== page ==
10. Similarity of Patter: In all the colonies the same general pattern of government arose. In each, there was a governor and a two-house legislature. In the royal colonies the governor was appointed by the English authorities, in the proprietary colonies, by the proprietors with the approval of the monarch. In the corporate colonies he was chosen by the colonial legislature. The upper house of the legislature usually was the governor’s council, and its members were chosen in the same way as the governor.

The lower house was elected. Less than one-tenth of the people had the right to vote or hold office. Women were not allowed to do so at all. In some colonies, only those men who belonged to the established church could vote or hold office and in all colonies, only men who owned a certain amount of property had these rights. There were many property owners, however, especially in New England. Hence, in the colonies, a greater proportion of the men enjoyed political rights than in England.

  1. In the colonies it early became the rule that a representative must live in the district from which he was elected. In England, a member of Parliament need not live in the town or borough that he represented.
  2. Gradually, each colonial assembly assumed the power to pass certain kinds of laws for its colony. The governor could vote the laws, and the London authorities could reject them. Sometimes, to keep the governor from using his veto an assembly would threaten not to pay him. Sometimes, to get around the London authorities, an assembly passed a rejected law in a slightly different form. As time went on, each colonial legislature came to consider itself as supreme within its colony as Parliament was in England.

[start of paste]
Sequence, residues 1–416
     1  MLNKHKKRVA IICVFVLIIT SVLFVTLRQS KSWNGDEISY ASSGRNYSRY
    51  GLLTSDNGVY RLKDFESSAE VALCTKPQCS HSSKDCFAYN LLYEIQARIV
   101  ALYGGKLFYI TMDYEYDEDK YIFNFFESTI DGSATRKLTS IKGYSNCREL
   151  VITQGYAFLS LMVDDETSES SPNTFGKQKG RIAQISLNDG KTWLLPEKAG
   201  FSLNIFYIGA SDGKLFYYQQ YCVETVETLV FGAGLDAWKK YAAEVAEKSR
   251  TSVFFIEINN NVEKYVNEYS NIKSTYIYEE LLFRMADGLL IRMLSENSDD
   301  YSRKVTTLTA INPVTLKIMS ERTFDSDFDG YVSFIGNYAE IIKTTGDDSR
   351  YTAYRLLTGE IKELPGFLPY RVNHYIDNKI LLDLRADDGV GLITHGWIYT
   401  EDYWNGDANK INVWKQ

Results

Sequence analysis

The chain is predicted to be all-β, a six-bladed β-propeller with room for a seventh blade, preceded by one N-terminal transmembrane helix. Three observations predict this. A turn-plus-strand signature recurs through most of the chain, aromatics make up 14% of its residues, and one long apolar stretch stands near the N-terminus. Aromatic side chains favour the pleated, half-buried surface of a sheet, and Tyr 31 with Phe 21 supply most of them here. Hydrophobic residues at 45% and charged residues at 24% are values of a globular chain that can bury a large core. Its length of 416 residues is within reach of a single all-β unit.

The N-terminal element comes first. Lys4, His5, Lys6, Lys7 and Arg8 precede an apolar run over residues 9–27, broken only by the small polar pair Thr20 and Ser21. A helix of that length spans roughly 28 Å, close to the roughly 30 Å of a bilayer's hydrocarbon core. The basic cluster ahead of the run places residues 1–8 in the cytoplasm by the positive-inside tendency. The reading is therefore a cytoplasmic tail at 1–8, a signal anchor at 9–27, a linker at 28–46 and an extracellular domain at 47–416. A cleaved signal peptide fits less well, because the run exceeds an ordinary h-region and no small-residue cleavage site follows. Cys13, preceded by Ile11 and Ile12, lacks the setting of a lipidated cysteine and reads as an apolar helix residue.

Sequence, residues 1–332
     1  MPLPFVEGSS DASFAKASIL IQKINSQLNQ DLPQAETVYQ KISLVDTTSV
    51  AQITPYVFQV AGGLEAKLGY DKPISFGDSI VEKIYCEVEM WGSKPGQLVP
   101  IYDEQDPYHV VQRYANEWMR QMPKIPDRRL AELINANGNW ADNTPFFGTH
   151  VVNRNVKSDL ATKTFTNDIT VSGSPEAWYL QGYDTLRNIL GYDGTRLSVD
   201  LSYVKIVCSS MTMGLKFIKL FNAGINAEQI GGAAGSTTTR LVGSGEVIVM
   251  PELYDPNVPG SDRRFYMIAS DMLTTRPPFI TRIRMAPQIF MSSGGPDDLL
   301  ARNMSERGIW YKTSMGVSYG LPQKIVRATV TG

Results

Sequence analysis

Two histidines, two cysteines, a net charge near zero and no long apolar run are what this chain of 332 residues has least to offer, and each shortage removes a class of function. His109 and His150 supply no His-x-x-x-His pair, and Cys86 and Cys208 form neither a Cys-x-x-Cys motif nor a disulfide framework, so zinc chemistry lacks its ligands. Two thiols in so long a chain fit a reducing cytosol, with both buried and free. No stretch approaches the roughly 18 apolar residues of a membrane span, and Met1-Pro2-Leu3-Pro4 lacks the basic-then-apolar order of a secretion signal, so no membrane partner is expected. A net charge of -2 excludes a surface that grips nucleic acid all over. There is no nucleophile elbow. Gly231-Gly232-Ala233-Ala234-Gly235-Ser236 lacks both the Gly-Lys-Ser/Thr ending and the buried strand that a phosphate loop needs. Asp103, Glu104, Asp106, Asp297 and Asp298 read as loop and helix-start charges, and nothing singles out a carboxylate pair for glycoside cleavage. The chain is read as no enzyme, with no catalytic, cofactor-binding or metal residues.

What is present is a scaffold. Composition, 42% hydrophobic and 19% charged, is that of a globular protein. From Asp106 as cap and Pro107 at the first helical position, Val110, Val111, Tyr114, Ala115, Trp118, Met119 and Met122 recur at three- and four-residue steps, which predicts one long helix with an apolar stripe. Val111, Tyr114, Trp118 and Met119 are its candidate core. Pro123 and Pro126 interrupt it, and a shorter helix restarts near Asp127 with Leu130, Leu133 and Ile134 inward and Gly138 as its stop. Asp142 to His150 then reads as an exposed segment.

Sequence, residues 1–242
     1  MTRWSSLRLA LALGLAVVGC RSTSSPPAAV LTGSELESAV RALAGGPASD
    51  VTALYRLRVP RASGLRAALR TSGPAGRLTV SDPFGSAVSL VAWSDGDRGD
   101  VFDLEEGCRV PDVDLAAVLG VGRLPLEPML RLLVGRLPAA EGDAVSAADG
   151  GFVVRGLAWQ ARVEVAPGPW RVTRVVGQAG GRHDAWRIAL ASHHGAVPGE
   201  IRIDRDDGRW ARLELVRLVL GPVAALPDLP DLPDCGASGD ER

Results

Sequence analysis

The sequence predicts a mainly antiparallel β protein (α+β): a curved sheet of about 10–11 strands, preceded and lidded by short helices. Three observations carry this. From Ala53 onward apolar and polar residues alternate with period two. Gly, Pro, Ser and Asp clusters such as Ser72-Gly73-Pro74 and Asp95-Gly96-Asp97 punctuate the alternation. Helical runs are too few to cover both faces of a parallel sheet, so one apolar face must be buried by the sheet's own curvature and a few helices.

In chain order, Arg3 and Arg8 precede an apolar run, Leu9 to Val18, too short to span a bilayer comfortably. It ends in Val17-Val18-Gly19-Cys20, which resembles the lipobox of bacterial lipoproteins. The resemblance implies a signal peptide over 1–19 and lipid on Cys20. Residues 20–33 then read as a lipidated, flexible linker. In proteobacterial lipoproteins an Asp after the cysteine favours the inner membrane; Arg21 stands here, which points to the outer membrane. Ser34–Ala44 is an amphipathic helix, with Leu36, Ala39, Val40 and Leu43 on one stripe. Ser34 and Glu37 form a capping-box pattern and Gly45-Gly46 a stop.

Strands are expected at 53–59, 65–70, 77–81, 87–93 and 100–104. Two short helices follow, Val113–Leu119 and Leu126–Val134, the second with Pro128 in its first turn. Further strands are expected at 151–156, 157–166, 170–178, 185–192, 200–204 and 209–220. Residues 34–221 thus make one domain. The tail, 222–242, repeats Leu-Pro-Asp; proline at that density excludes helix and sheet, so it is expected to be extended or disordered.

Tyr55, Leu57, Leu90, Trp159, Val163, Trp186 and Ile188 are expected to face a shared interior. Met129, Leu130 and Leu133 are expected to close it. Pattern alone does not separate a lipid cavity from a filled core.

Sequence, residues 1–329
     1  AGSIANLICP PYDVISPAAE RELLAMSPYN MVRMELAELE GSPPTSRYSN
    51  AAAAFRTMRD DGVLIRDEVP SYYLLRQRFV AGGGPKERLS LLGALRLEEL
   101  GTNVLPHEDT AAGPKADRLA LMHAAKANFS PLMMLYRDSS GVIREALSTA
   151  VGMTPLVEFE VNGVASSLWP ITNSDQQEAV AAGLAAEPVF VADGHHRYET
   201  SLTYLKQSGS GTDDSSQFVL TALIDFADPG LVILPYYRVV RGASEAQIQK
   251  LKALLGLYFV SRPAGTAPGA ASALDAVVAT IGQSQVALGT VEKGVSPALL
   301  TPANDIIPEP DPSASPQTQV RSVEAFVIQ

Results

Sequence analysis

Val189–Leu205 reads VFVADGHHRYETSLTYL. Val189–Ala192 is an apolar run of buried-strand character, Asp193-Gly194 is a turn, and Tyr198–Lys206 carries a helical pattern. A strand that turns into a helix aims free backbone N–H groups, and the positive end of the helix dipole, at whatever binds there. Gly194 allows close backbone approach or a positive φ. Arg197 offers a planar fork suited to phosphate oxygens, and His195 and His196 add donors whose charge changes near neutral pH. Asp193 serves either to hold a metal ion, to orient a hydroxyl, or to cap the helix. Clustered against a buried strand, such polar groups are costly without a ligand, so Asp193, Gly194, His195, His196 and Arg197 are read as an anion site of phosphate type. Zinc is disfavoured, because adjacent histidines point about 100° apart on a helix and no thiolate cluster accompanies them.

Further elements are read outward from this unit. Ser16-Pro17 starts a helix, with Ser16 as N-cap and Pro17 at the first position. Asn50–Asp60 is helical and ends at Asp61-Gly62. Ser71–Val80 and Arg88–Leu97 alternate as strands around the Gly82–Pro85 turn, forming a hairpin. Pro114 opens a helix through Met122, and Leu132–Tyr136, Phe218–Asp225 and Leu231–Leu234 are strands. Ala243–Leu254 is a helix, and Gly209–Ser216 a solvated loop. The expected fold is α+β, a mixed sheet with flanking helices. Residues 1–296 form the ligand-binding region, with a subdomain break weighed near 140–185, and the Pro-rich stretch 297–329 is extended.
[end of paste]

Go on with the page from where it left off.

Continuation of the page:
3. Relations among Colonies: No colony was willing to give up any of its powers to England or the other colonies. Even when the thirteen faced common problems, they did not like to cooperate with each other. The greatest problem involved relations with the Indians. There was constant fighting along the edge of European settlement, where colonists were taking over Indian lands or vying for control of the fur trade. Different tribes allied themselves to groups of colonists — British, Spanish; Dutch, and French. When these colonists fought, their Indian
    allies often joined in.
  4. In 1643, people in Massachusetts, Plymouth, New Haven and Connecticut formed the New England Confederation, a kind of military alliance. It proved ineffective when the most worst Indian conflict of colonial times, King Philip War, broke out in 1675. In three years of fighting, King Philip (also known as Metacomet), a leader of the Wampanoag tribe, and his followers tried to regain control of lands in New England.